Michael Goforth is out with another junk column. In this one he appeals to the emotions of attending a baseball game.
The tall, long-haired rock and roll master sounded as great as usual on what was a perfect day for a spring training game at Tradition Field in Port St. Lucie. A crowd of more than 7,200 filled the grandstand and much of the grass seating area under a pale, blue sky and warm, though not hot, temperatures.
It was a good game, which the Mets won in the bottom of the ninth inning. There were home runs, spectacular fielding plays, some blunders, and hardly a dull moment.
It was great a great place to be and I felt lucky, like many of those around me, to be there.
But suddenly the fear of loss overcame Goforth.
But, as I looked at the crowd, the ball diamond, the scoreboard and tried to capture in my mind the sights, sounds and ballpark aromas, my joy at the moment was tempered. I had to ask myself: Will this last?
Here it comes, Goforth may lose something personal to him so he must make the case for everyone pitching in for a pastime that Goforth enjoys.
The Mets have been returning to Port St. Lucie each spring since 1988. There are no guarantees, though, that the annual arrival and the sun-splashed days in which memories are relived and others built will continue. If one more team on Florida’s east coast decides to leave for the west coast or to join other Major League teams in Arizona, spring training baseball on the east coast would in all likelihood come to an end.
Uhoh. Goforth may lose some memories. But not that many.
While I don’t attend a lot of spring training games here, I think the loss of that tradition would be awful. Spring training is in our DNA. It’s part of who we are. It’s a source of pride and joy.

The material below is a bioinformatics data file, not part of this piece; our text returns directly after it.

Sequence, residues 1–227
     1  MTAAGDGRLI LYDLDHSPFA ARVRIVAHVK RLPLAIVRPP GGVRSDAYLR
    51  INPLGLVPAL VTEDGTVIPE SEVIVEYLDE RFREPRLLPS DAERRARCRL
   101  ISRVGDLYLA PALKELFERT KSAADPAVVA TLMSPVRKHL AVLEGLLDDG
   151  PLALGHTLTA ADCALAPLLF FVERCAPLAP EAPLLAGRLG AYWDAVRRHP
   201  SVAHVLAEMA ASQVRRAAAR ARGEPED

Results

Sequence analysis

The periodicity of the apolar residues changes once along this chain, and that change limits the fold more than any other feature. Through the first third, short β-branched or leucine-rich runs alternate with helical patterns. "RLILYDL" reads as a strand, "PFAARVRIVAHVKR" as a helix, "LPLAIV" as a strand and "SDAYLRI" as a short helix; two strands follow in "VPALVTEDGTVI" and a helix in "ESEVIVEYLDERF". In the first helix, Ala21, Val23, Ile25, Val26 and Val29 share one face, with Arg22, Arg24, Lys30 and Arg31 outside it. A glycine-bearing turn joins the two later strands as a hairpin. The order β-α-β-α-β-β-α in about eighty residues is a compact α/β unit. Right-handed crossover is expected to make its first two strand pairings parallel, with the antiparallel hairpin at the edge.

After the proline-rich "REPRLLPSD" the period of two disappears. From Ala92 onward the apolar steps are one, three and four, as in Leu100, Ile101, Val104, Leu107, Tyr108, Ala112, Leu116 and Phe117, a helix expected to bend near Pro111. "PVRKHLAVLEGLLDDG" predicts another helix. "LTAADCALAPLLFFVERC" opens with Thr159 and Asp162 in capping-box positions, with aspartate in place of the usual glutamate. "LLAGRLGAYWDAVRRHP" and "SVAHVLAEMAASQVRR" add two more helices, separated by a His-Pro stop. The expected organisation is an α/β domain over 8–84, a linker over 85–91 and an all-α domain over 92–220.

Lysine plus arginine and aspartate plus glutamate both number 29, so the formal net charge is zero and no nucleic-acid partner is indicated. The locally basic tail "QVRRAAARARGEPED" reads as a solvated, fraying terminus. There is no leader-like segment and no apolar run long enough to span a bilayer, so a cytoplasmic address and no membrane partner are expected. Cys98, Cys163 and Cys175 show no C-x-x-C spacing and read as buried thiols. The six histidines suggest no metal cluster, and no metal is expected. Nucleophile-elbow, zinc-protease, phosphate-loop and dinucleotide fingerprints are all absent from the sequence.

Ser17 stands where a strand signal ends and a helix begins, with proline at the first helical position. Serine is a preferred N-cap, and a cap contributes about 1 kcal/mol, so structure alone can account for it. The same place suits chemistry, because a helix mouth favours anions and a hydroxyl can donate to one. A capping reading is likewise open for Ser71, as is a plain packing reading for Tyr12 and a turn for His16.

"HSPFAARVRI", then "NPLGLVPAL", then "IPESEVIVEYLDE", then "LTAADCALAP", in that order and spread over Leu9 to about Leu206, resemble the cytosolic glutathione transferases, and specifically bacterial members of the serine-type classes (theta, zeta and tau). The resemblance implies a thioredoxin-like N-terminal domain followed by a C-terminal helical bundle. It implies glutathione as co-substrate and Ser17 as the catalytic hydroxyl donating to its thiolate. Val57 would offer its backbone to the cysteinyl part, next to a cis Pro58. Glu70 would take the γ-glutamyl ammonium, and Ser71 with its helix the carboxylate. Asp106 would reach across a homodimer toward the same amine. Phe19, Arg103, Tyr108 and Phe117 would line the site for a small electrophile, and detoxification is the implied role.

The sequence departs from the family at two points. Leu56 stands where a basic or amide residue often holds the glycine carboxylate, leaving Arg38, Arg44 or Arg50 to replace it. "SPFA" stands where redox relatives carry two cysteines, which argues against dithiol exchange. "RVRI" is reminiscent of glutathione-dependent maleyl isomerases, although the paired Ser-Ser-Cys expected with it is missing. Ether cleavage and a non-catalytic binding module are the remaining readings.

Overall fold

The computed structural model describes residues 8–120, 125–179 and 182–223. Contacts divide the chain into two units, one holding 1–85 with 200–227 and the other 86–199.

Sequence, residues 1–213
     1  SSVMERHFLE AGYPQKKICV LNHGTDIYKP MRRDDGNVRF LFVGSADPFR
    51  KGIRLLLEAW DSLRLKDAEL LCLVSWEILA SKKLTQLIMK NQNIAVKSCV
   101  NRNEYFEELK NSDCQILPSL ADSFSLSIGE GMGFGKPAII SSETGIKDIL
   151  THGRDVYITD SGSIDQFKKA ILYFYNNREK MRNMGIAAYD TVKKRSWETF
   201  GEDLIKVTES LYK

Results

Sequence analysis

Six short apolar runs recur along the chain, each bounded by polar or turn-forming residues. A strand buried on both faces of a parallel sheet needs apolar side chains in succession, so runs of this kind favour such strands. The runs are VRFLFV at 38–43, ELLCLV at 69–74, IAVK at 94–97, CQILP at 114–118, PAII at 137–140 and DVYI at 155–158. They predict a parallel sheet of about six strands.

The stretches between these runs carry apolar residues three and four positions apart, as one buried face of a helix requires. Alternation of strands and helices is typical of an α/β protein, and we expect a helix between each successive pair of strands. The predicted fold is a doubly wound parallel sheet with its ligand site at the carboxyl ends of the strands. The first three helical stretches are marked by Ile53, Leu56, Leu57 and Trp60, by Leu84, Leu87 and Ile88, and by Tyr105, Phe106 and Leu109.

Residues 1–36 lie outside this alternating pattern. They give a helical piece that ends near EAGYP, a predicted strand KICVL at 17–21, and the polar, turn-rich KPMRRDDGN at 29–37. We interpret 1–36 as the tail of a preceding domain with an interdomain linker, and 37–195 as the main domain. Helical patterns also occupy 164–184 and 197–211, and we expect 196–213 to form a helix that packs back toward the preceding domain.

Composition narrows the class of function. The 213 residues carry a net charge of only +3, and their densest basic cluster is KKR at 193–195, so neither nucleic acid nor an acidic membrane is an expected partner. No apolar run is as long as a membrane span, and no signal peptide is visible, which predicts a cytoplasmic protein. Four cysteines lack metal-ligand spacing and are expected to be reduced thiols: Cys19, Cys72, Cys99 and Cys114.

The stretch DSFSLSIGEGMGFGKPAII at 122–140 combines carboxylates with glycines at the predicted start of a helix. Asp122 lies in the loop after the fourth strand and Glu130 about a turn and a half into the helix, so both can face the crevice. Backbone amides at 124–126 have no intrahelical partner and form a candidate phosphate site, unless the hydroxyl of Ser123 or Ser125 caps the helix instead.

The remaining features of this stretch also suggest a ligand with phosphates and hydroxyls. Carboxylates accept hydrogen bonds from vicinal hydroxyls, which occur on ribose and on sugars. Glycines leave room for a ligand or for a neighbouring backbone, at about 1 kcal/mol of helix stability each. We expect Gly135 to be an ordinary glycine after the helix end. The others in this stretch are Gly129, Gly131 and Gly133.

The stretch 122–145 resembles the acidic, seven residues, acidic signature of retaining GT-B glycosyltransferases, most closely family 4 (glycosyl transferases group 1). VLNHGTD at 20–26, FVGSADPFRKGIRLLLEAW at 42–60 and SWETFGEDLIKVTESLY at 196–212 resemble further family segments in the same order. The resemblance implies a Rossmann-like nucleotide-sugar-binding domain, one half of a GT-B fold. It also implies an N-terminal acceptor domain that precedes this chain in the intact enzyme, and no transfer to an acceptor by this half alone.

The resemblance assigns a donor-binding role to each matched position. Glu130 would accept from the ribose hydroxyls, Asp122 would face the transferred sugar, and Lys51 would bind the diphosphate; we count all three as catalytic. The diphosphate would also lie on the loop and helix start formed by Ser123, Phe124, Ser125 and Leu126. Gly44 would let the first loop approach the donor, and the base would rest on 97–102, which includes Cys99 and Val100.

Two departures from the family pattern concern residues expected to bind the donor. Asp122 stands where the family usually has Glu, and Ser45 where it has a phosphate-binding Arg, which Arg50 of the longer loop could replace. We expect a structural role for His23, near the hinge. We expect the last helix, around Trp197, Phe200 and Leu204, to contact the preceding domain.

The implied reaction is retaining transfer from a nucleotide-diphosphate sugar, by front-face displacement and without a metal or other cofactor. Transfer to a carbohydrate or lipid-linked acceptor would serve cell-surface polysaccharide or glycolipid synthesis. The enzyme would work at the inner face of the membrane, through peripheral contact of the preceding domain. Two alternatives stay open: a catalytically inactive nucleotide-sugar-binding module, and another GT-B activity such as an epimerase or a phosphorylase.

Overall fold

Yup Goforth just puked collectivist jingo. See Goforth enjoys something so it is part of your DNA. Not his alone. See what Goforth enjoys everyone must enjoy.
Funny slave owners made the same argument as Goforth. Slaving is a way of life for us they said just like Goforth says spring training and subsidizing professional sports is just the way we live life.
Here comes Goforth’s pitch as to why you should help sustain something that he infrequently enjoys.
We invest in programs and facilities we want to enhance our quality of life. We pay for libraries, for parks and playgrounds, for civic centers. In St. Lucie County we spend millions in beach renourishment projects. All of these are money-losing propositions, but ones we expect to pay for as part of how we want to live.
Heard that citizen? Goforth needs to you pony up so he can continue his way of life. And if you think otherwise, Goforth says think again.
But, at least in St. Lucie County, we’ve already invested millions of dollars in Tradition Field. Would it be wise to lose the Mets and have that investment and any future use of that facility greatly diminished?
And, it’s worth remembering that the stadium is not here just to benefit the Mets. It is our stadium. It is for us — for all the community in addition to fans and visitors.
When it comes to Goforth’s personal enjoyment there is never ever a time to cut your losses.
Goforth can support the theft of others to subsidize professional sports teams, since that after all makes it cheaper for Goforth to enjoy his leisure.
Goforth does qualify his need for you to pay for his leisure.
So, what should the state or St. Lucie County pay to keep the Mets here and/or spring training on the east coast? I don’t know, but I think whatever deal might be made must be mutually beneficial.
It has to be mutually beneficial. To whom is not clear but it likely is beneficial to sports teams and Goforth himself.
Goforth end’s his argument with the same unprincipled stance he takes on many other issues.
My head may tell me we shouldn’t subsidize a wealthy, private business. But, my heart tells me the circumstances aren’t that simple. It’s a dilemma, isn’t it?
The circumstances aren’t that simple you see. It’s quite a dilemma in deciding to rob everyone to subsidize the wealthy.
Goforth wrote this article likely to provide “balance” to the discussion of subsidizing stadiums that is forced on the backs of everyone.
Goforth can advocate for government to steal from you at the point of a gun and throw you in jail for not paying for his leisure while at the same time advocating that you cannot have a gun to defend yourself.
You see, Goforth owns you and your property and you having the means to defend yourself makes it much harder for Goforth to advocate for your extortion.
It is now apparent that his leisure and his feelings are more important than your rights.